There are many stories of Johannes Brahms´s (1833-1897) prickliness, sarcasm and tactlessness – but it would be equally true to describe him as a generous ...
There are many stories of Johannes Brahms´s (1833-1897) prickliness, sarcasm and tactlessness – but it would be equally true to describe him as a generous and kind man. Achieving considerable wealth in later years, he never spent it on himself, but helped his family as well as younger composers. A voracious reader throughout his life, he ended up with a well-used library of over 800 titles including poetry, fiction, drama, history, art, philosophy, religion and travel. Growing up in simple circumstances, Brahms gave piano lessons and played popular music at private gatherings and in restaurants. All youthful efforts to compose fell victim to his intense self-scrutiny. A turning point came in 1853 when Brahms met Robert and Clara Schumann. Robert hailed Brahms as the true musician of the future in a famous essay ("Neue Bahnen") of the same year. After Robert´s nervous breakdown and suicide attempt Brahms gave up everything he was doing to assist Clara, developing a strong romantic passion for her, while she probably viewed him more as a devoted son. When Robert died Brahms and Clara went their separate ways, nevertheless remaining the closest of friends. Brahms went through a period of depression and low productivity, but renewed studies of counterpoint and early music enabled a glorious comeback in the 1860s with a series of chamber works (incl. string sextets, piano quintet, piano quartets) and piano pieces (Handel variations and Paganini variations). The critical acclaim of his German Requiem, written after his mother’s death, established Brahms as a major composer, but he still struggled to master the string quartet and the symphony. Not until he was 40 did he complete the first two quartets (Op. 51) that he considered worthy of publication; three years later came the Symphony no.1 in C minor, which had occupied him for at least fifteen years. A steady stream of mature orchestral works followed, among them three more symphonies and the second piano concerto. By 1890 Brahms was ready to retire from composing, but meeting the clarinettist Richard Mühlfeld started a surge of creativity that enriched the repertory for that instrument remarkably, with two sonatas (Op.120), one trio (Op. 114) and one quintet (Op.115). In his later years Brahms condensed his musical thought almost to the extreme. Examples of this compact and forward-looking style are the piano pieces Opp. 116-119, and the last piece Brahms published, Vier ernste Gesänge, written in connection with the death of Clara Schumann. Major works: Orchestral Music: four symphonies, two Piano Concertos, Violin Concerto, Double Concerto for violin and cello, two serenades, Variations on a Theme by Haydn, Academic Festival Overture, Tragic Overture, arrangements of Hungarian Dances. Chamber Music: three violin sonatas, two cello sonatas, two clarinet or viola sonatas, clarinet trio, clarinet quintet, three piano trios, horn trio, three piano quartets, piano quintet, three String Quartets, two string sextets and two string quintets Piano Music: three piano sonatas, Variations on a Theme of Handel, Paganini Variations, four Ballades and many shorter pieces, fantasias and intermezzos. Hungarian Dances and several other works and arrangements for piano four hands. Vocal and Choral Music: German Requiem, Alto Rhapsody, Schicksalslied, Liebeslieder Waltzer (vocal quartet and piano duet), a large number of songs with piano (incl. Vier Ernste Gesänge, Wiegenlied, Vergebliches Ständchen, Gestillte Sehnsucht, Geistliches Wiegenlied) Quote: George Bernard Shaw on Brahms: "He is the most wanton of composers [...] Only his wantonness is not vicious; it is that of a great baby [...] rather tiresomely addicted to dressing himself up as Handel or Beethoven and making a prolonged and intolerable noise."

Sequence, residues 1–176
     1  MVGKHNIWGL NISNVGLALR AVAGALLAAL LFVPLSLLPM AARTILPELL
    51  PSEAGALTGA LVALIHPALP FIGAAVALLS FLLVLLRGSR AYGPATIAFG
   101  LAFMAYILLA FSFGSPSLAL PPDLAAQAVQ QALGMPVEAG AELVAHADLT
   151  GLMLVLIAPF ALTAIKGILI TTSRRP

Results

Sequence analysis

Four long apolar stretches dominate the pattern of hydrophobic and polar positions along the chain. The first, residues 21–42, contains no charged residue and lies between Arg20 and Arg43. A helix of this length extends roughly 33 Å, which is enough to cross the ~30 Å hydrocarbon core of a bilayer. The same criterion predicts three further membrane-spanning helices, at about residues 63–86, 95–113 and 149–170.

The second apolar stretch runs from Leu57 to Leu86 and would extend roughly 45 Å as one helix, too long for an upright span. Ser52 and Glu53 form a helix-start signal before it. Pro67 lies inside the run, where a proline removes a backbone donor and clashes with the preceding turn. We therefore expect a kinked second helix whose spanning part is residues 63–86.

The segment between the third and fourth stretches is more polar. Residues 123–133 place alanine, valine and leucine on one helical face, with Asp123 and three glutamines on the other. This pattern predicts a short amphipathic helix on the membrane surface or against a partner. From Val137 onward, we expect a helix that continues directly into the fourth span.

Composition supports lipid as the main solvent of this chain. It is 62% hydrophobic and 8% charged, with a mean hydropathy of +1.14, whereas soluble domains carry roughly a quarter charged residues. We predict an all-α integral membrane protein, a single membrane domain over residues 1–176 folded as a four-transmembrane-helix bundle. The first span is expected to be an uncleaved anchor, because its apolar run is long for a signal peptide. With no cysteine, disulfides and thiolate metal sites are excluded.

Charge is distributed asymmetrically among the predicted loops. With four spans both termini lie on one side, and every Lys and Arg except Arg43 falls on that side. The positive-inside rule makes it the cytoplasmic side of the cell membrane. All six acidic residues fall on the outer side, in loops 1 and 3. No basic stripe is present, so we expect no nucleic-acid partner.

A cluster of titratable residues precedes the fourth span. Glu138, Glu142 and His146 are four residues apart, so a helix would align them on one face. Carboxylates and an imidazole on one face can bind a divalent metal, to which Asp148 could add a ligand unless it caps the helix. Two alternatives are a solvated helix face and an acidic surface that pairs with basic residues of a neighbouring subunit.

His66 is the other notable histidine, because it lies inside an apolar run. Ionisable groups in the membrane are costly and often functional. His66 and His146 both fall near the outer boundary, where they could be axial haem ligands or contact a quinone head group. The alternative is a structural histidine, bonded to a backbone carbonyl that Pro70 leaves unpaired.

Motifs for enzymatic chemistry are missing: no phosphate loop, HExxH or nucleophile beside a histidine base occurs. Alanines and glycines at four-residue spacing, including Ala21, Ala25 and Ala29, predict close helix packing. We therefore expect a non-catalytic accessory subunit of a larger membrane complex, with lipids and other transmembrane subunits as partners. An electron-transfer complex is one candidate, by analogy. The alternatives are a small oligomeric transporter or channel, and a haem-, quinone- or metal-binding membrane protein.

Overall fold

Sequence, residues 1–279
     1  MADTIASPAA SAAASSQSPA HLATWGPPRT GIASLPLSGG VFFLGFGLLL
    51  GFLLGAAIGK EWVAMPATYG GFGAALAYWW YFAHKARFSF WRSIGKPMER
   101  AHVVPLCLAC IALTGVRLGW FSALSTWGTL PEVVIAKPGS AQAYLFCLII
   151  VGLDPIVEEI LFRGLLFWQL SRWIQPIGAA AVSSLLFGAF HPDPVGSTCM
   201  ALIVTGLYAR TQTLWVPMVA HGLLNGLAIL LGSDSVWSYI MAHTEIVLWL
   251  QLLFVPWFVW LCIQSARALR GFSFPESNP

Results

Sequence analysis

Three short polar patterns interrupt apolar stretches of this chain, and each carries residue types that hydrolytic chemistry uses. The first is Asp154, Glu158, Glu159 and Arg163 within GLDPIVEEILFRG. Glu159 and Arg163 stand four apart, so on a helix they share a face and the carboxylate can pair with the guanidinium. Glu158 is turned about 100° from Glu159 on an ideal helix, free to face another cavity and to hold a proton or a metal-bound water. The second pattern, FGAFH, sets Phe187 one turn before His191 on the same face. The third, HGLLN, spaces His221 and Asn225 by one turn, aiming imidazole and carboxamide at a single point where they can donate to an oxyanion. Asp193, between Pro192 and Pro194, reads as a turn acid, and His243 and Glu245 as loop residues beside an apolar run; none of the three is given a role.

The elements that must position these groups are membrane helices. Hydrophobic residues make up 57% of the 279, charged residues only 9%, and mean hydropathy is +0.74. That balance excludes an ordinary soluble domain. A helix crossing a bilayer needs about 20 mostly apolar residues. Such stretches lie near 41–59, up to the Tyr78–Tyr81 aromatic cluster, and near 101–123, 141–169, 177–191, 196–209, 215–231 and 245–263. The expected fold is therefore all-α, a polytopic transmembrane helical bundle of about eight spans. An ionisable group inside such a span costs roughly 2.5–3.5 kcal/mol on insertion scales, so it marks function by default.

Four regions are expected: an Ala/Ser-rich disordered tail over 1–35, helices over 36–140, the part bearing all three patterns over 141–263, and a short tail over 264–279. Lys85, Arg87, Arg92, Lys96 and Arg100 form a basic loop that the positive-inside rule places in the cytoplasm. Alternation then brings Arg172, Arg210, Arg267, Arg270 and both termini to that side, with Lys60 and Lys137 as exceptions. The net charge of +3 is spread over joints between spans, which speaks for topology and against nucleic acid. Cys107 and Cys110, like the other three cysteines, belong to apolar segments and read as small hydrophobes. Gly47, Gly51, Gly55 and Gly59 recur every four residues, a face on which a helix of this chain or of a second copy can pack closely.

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Day of release: 0000-00-0